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Mexico’s synchronised swimmers wear Avatar: The Last Airbender-inspired swimsuits at Tokyo Olympics

Dutch windsurfer Kiran Badloe also paid tribute to cartoon TV show during Games with Avatar-inspired hairstyle

Chelsea Ritschel
New York
Thursday 05 August 2021 15:39 BST
Mexico’s synchronized swimmers pay tribute to Avatar: The Last Airbender at the Olympics
Mexico’s synchronized swimmers pay tribute to Avatar: The Last Airbender at the Olympics (AFP via Getty Images)
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Fans of Avatar: The Last Airbender are expressing their joy at seeing subtle nods to the show at the Tokyo 2020 Olympics.

This week, Mexican synchronised swimming duo Nuria Diosdado and Joana Jimenez García became the latest Olympic competitors to draw inspiration from the Nickelodeon show when they competed on Monday in black-and-white bedazzled swimsuits bearing the koi fish Tui and La.

As noted by PopSugar, the koi fish are known as spirits from the popular show, with Tui identified as the moon spirit, while La is known as the ocean spirit in the Nickelodeon cartoon.

In Mandarin, La means pull, while Tui translates to push, with the outlet stating that, in Avatar, it is revealed that the two spirits “maintain balance on earth with their ‘eternal dance of push and pull.’”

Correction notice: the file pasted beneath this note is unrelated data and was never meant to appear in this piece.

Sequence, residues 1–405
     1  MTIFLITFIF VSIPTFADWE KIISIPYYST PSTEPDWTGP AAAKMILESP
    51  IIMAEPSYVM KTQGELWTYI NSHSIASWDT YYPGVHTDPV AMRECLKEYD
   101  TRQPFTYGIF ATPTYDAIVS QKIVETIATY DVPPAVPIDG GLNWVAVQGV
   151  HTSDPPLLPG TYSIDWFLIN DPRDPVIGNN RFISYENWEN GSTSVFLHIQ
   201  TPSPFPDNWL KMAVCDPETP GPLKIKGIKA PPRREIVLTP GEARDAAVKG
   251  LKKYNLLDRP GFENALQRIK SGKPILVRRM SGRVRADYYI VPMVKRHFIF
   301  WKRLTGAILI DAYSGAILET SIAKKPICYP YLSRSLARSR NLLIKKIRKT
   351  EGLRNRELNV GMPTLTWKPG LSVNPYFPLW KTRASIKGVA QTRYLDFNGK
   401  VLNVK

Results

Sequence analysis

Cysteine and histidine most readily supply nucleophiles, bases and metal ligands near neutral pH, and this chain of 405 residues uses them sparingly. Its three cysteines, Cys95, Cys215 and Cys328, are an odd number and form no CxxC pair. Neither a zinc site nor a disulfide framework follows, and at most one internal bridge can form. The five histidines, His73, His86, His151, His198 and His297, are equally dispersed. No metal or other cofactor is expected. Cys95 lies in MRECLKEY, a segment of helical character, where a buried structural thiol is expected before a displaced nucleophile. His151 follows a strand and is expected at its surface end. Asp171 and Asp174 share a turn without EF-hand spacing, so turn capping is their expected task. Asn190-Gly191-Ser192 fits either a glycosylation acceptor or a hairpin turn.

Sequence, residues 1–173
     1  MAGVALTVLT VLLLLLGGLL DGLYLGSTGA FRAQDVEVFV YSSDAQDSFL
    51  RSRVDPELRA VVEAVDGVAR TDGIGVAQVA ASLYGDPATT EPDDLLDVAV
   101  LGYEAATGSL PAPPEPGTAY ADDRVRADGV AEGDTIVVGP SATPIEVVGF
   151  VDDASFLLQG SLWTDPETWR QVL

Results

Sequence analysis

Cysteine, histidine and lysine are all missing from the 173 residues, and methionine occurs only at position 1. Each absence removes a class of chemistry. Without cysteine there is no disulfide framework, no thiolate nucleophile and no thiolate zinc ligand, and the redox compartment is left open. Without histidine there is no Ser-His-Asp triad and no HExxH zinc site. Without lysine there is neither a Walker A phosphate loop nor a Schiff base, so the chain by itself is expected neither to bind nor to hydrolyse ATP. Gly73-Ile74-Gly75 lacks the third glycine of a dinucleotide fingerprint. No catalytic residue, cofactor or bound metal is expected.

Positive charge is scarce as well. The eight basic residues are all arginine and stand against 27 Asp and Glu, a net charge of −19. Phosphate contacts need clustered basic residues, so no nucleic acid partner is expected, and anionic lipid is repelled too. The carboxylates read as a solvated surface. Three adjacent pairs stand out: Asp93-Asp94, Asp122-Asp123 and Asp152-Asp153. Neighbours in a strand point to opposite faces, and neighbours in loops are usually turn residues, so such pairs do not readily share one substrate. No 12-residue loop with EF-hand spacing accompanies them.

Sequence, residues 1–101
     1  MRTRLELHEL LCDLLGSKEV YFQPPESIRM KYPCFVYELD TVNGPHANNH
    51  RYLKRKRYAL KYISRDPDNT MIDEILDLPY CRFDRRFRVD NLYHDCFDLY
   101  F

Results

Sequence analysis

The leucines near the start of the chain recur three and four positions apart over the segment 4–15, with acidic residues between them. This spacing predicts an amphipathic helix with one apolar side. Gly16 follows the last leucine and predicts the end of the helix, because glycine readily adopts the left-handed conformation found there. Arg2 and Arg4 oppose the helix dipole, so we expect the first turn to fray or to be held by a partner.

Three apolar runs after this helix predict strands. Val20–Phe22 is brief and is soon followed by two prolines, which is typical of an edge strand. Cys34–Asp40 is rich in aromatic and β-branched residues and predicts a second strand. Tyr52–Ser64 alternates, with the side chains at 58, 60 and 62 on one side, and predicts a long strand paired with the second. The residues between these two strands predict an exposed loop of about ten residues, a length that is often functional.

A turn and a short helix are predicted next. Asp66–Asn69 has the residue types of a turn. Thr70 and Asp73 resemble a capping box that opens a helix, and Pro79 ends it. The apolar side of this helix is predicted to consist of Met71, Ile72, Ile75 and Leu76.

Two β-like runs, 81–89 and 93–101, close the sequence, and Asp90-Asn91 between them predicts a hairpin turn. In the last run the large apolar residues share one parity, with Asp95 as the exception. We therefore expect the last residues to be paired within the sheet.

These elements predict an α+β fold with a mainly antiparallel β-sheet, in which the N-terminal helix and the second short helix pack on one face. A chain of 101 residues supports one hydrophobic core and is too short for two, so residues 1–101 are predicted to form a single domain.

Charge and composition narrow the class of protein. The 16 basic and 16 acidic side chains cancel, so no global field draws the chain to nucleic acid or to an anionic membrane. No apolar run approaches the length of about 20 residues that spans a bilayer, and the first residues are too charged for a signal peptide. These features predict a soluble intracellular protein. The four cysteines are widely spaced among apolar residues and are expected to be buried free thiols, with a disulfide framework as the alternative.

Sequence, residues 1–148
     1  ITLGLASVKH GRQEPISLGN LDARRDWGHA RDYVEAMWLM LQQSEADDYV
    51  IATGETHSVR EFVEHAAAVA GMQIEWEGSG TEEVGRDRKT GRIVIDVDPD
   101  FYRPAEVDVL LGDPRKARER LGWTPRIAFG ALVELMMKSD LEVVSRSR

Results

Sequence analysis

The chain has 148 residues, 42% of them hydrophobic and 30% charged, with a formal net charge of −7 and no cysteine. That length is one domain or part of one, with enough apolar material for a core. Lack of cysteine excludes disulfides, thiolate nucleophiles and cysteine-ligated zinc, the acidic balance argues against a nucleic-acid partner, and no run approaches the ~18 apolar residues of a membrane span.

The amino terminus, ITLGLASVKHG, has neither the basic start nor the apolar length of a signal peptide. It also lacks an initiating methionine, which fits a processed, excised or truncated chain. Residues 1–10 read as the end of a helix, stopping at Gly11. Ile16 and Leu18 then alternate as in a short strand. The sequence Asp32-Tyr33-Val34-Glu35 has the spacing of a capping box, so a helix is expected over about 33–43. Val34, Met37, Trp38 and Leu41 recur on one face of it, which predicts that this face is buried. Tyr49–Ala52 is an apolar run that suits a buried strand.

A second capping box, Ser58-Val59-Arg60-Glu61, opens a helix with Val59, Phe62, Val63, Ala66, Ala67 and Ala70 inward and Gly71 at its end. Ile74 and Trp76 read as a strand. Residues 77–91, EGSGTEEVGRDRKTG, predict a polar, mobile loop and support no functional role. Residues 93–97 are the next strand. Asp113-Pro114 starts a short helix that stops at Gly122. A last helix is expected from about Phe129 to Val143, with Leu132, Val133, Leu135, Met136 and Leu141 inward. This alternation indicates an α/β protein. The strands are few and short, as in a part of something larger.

The backs of the swimsuits, designed by Mexican brand Gilling Activewear, also featured additional references to the show, according to PopSugar, which reported that the outfits included the show’s depictions of the four elements.

On social media, the tribute to the early 2000s TV show proved to be a hit among Avatar fans, with many praising the Olympians.

“Begging you guys to look at Mexico’s swimsuits at the Olympics,” a Twitter account dedicated to ATLA news wrote in a tweet that has been liked more than 8,000 times, alongside photos of the Olympic duo.

In response to the tweet, one person wrote: “I’m crying. My childhood cartoons and anime in the Olympics.”

Another joked: “Unless you make it to the olympics with an ATLA swimsuit don’t call yourself a true stan.”

“Not to be a complete nerd but oh my god I love this,” someone else tweeted.

Others shared their appreciation of the athletes’ proud support of the cartoon, with another viewer adding: “Love it when athletes and artists show their geekiness instead of hiding it. Very cool!”

And, as some Olympic viewers pointed out, Diosdado and García were not the only athletes to pay tribute to the cartoon at the Tokyo Games, as Dutch windsurfer Kiran Badloe won a gold medal for the Netherlands over the weekend while sporting an arrow shaved into his head that was dyed blue, a haircut inspired by ATLA.

The athlete’s distinct look was taken from Avatar’s title character Aang, who features the same hairstyle on the show and who has the ability to bend all four elements.

The inspiration served Badloe well at the Games, as the athlete told Reuters: “I need to be in tune with the wind and in tune with the water and everything around. I have been able to piece something together in these Olympics races, so I think it worked in my favour.”

“The fact that Olympics competitors still get inspired by Avatar: The Last Airbender even years later shows how timeless, legendary and influential this show is,” one person summed up on Twitter.

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